The Last Thing Mary Saw - New Release Review
Director: Edoardo Vitaletti
Starring: Stefanie Scott, Isabelle Fuhrman, Daniel Pierce, Judith Roberts, Michael Laurence
Written by: Edoardo Vitaletti
Produced by: Harrison Allen, Isen Robbins, Aimee Schoof, Madeleine Schumacher
Cinematography by: David Kruta
Original Score by: Keegan DeWitt
Winter, 1843. A young woman is under investigation following the mysterious death of her family's matriarch. Her recollection of the events sheds new light on the ageless forces behind the tragedy.
Set in the puritanical 1800s, 'The Last Thing Mary Saw' is essentially a story of forbidden love between Mary, the young daughter of the prudish household and Eleanor, the maid with whom she is caught frolicking with. Mary is brought to trial by the family in the aftermath of the death of the Matriarch who possesses somewhat of an unhealthy control over the house and its inhabitants. At the beginning of the questioning we become aware that Mary, now wearing a blindfold with traces of blood dripping down her cheeks, is being accused of the Matriarch’s murder and through flashbacks we are slowly introduced to her exhaustingly inequitable journey to find love.
Much of the horror in the film isn’t actually supernatural and like a lot of period pieces set around this timeline it explores the battle between religious zealotry and human empathy. The abstinent belief that all parties must conform to a certain way of living generally always leads to an inevitable upheaval. It’s the fear of change that often creates dissention and evil. This message has been visualised in cinema countless times before and often better. Tentative lovers whose relationship is outlawed beyond their control finally fight back against the authoritative decision makers. It’s almost a Shakespearean tragedy. So what does this film do differently to stand out? Unfortunately not enough. Not until the end anyway.
I did struggle at times to stay interested, especially through the first act. The pace won’t be for everybody and if your horror sensitivity leans towards jump scares or frightening imagery rather than eerie ambience then you’ll probably zone out quickly. While there certainly is a mysterious element to the storytelling, it kinda felt like everything was being stretched out to bolster the running time, which happens to be just under 90 minutes. There’s a discernible amount of tension created during the questioning and when we find out that Mary and Eleanor are together, all of which feels like it’s leading to some sort of cataclysmic event. That being said, we do get a fairly shocking and rewarding payoff.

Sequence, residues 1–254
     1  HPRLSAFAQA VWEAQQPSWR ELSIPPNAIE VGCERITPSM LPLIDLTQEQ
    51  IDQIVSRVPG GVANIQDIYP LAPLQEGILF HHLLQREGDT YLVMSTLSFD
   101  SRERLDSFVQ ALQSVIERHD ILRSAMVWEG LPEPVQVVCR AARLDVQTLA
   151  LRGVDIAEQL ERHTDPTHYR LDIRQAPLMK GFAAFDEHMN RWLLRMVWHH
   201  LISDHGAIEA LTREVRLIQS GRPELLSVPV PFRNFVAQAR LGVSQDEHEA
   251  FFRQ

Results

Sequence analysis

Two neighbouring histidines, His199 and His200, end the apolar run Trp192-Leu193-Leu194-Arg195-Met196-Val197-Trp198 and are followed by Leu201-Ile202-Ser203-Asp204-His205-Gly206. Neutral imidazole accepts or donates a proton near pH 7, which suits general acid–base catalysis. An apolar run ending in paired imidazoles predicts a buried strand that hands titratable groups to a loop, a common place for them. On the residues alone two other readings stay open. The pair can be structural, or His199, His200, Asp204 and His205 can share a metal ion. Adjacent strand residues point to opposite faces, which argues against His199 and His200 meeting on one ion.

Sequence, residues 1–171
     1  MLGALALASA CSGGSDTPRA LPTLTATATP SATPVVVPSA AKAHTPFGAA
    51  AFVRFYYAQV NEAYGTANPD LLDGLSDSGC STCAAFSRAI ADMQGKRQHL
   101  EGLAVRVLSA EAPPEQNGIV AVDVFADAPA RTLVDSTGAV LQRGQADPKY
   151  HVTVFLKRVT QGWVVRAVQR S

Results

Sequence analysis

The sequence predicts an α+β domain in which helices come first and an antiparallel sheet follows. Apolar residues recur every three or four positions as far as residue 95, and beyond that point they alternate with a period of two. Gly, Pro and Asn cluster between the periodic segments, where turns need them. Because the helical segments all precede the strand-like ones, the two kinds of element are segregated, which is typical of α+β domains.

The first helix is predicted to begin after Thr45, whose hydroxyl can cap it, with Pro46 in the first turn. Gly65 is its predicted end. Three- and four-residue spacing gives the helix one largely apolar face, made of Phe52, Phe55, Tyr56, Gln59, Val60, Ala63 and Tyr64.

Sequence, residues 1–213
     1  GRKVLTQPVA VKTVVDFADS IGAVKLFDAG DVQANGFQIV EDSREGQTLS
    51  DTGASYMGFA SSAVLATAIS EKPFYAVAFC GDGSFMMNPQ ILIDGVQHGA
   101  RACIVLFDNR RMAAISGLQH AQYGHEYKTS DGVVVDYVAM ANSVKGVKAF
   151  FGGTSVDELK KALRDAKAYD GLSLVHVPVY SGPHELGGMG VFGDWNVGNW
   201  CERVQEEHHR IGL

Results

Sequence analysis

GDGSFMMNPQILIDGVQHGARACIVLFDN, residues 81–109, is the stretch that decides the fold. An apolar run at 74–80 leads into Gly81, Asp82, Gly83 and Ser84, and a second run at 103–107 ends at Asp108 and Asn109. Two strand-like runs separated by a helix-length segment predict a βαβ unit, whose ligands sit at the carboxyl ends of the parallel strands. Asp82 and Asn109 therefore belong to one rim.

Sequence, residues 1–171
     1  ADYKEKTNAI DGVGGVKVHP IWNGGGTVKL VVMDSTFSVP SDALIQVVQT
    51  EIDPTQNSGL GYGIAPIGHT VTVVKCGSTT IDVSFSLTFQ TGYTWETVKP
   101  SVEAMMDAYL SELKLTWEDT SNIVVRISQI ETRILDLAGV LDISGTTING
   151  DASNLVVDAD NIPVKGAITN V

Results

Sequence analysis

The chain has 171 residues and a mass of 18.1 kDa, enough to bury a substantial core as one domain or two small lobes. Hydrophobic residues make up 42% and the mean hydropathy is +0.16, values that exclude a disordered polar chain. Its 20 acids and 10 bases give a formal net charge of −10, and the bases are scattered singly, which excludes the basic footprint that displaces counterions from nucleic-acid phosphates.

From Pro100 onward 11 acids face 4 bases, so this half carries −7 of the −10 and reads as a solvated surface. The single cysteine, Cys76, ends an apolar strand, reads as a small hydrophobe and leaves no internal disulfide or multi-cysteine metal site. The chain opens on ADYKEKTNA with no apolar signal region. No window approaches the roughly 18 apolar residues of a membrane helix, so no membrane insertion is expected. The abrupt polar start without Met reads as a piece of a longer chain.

The director and cinematographer do absolutely everything in their power to make this film look and feel authentic. Most scenes are lit naturally by candlelight and bathed in dark shadows. There is definitely a creepy atmosphere present but it’s begging for something a little extra. It’s difficult to put my finger on just what that extra is but it lingered in the air too many times for me not to notice it.
Stefanie Scott and Isabelle Fuhrman who play the banned couple are both really good. You feel their love for each other and their growing frustration as their relationship is written off as a fruitless dalliance by the house. Branded as sinful transgressors, Mary and Eleanor initially concoct a plan that allows for secret liaisons and then the plan grows into something else entirely. The introduction of Rory Culkin as a stranger with a birthmark on his face definitely helps to turn the screw a little bit more and opens up the possibility of a supernatural revelation. The forbidden love story unfolds in the backdrop of something evil that permeates teasingly throughout in the guise of a leather bound book with hand drawn pictures. The end, as mentioned above, is rewarding and even though it is drowned in ambiguity it feels biblical at its core. Props to Judith Roberts who reprises some of her disturbing menace (albeit a tad more subtle) from James Wan’s super underrated ‘Dead Silence’ as the Matriarch. There’s a lesson to be learned in one of the messages the ending is trying to deliver; silence cannot lead to anything good. That feels as relevant as ever and many of the themes in the film; forbidden love, fear of the unknown, the aversion to diversity, all feel like they could strike a chord with any young person watching it today.
While ‘The Last Thing Mary Saw’ is rather bleak and harrowing, the genuine intimacy of the two lead performances coupled with a satisfactory and ghoulish ending makes it all worthwhile. The very last scene, which teases a more profound connection between Mary and the Matriarch, might even give you an excuse to rewatch it for a further analysis if you’re that way inclined.
- Gavin Logan